Week of May 4th, 1918

Billie Rhodes and ‘Smiling Bill’ Parsons in Dad’s Knockout (1918)

One hundred years ago this week, Grace Kingsley enjoyed a new two-reeler from “Smiling Billy” Parsons:

Of course, nature endowed Mr. Parsons with his make-up, but that elusive something called “personality” is his own. Billy’s Baby, which, I believe, is his initial comedy production, is funny enough to make into a stage farce, and has to do with an engaged young man who has gambled away the engagement ring he was to give his fiancée, and who steals a baby to put into a baby show in order to win a prize and buy another ring. Billy is a newspaper reporter who starts out owing $500—which in itself is, of course, funny enough to get a laugh.

Some comedy shorts had a real mean streak in the good old days – now baby theft doesn’t seem funny. Nevertheless, William Parsons was not a typical aspiring comic. Born in in 1877 or 78 (sources differ), he studied medicine then he became a successful life insurance agent and executive. By 1910, he and his wife Bertha had moved to Los Angeles where he was a manger for the Prudential Company. Then in his late 30’s he got bitten by the movie bug. He became an actor for the Lubin Company and appeared in short dramas like A Girl of the Cafes (1914) and Love’s Savage Hate (1915).


In the spring of 1915, he became even more ambitious and with five partners and $100,000 he co-founded the National Film Corporation. They signed contracts with up-and-coming stars Norma and Constance Talmadge. Unfortunately, the first films they made weren’t successful, including the short comedy Parsons made with Constance, You Can’t Beat It. Moving Picture World quite liked it:


His wife divorced him in 1917, but he kept acting and producing films. Film historian James Neibaur wrote “Parsons had a strong reputation for being a rather dazzling and persuasive salesman and his success was often based on his friendliness and likability resulting in a successful deal.”

In 1918 Parsons had his greatest success: he produced Tarzan of the Apes, the first Tarzan film. It was such a hit that the National Film Corp made a sequel, Romance of Tarzan. They also launched the “Smiling Billy” series, which sold well enough that they made over a dozen of them. Parson’s co-star was comedienne Billie Rhodes, and they soon married.



Sadly, Parsons died suddenly on September 28, 1919 either in a diabetic coma or due to kidney problems – source differ on that, too. At least he got to realize his ambitions – not many people get to be a successful film executive and comic film star!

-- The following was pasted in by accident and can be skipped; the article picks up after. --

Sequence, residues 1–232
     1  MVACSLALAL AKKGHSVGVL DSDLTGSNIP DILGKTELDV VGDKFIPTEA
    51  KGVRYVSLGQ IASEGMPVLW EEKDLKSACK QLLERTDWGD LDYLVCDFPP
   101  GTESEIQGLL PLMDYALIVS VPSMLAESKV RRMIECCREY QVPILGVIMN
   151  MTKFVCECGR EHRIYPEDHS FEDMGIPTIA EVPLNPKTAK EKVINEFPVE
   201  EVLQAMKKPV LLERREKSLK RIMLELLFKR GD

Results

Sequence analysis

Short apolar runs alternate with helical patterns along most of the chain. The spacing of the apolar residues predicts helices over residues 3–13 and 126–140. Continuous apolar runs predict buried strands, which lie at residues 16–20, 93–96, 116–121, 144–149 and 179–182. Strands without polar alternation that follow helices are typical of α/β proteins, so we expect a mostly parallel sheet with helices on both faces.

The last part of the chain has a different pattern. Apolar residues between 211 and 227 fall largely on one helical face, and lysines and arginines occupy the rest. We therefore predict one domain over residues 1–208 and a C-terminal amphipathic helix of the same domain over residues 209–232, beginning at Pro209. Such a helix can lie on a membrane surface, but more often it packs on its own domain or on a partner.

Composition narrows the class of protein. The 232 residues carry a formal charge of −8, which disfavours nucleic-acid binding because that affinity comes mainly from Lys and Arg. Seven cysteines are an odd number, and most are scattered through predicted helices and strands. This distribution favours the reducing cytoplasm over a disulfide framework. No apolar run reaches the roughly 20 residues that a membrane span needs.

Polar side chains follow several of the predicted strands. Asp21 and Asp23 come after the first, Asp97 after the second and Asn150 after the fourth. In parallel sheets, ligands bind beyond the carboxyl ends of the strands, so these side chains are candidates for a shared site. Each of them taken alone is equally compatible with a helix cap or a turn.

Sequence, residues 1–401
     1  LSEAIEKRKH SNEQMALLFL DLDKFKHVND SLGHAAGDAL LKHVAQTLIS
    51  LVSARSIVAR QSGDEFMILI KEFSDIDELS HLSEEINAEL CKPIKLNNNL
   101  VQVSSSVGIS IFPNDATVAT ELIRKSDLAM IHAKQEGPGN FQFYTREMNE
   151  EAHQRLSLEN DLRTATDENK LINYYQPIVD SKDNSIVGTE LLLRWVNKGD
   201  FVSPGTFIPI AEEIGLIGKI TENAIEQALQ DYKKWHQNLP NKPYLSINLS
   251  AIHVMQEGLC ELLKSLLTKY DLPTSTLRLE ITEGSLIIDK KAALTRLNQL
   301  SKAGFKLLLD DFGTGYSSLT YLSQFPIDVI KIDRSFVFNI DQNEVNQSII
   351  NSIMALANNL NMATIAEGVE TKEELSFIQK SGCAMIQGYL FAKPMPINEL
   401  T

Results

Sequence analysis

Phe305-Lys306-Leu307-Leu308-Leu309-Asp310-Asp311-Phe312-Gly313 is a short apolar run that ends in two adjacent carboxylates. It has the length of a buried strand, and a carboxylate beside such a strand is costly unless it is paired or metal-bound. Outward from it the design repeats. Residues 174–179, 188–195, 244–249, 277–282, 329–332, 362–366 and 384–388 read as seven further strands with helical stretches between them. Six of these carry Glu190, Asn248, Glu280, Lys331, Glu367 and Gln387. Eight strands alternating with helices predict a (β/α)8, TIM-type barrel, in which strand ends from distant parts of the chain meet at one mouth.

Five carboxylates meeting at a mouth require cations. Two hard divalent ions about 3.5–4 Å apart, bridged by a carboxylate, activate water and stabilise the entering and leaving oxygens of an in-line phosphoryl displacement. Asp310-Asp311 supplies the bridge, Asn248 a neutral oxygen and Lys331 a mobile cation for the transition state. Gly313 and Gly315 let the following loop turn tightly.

Madame Sphinx

Kingsley demonstrated how hot gossip was written in 1918:

Nowadays, declares Wallace MacDonald, who is playing opposite lovely Alma Rubens, Triangle star, in Madame Sphinx, whenever there is a love scene between himself and the charming Alma, a mysterious interruption always occurs. In other words, whether due to thought transmission or what not, a certain ardent suitor in Los Angeles always seems to be tipped off at the psychological moment, with the result that Miss Rubens is invariably wanted on the phone, and when she returns her thoughts are always far away (Franklyn Farnum please confirm).

Alma Rubens

The story of two single people courting wasn’t particularly scandalous, and Rubens married Farnum a month later. Unfortunately it was an unhappy marriage: they were together only for a few weeks and she accused him of physical abuse in her divorce petition. She went on to star in successful dramas like Humoresque (1920), but her life took a turn for the worst after she became addicted to heroin. She died in 1931 of pneumonia, only 33 years old.


Kingsley reported on one of the biggest hits of 1918:

Charlie Chaplin continues to play the Pied Piper to the fans at Tally’s Broadway this week in A Dog’s Life, every show being packed.

Since it was three reels long, it had a different co-feature each week. This week it was running with a Constance Talmadge film (her career had improved since her National Film days). The Shuttle was based on a Frances Hodgson Burnett story and Talmadge played “the smart American girl who flies to the aid of her sister married to a bullying English lord.” Kingsley declared it one of the best films of her screen career, and one of the best films Tally’s had shown.

This was the last week

Tally’s ad warned that this was the last week for A Dog’s Life, but it lied. The film played one more week (on the 15th, Kingsley noted that people were seeing it two or three times), then it got replaced by a Clara Kimball Young film, The Reason Why.


Sources for William Parsons:

1910 U.S. Census

“Billie Rhodes,”

“Clothes Cost Her Fortune,” Los Angeles Times, October 23, 1917.

“National Film Capitalized at $100,000,” Motion Picture News, May 29, 1915, p. 65.

Neibaur, James L. “Women in Silent Comedy: Billie Rhodes.

“Roll of States,” Motography, May 29, 1915, p. 895.

“’Smiling Bill’ Parsons, L.A. Film Producer, Dies,” Los Angeles Herald, September 29, 1919.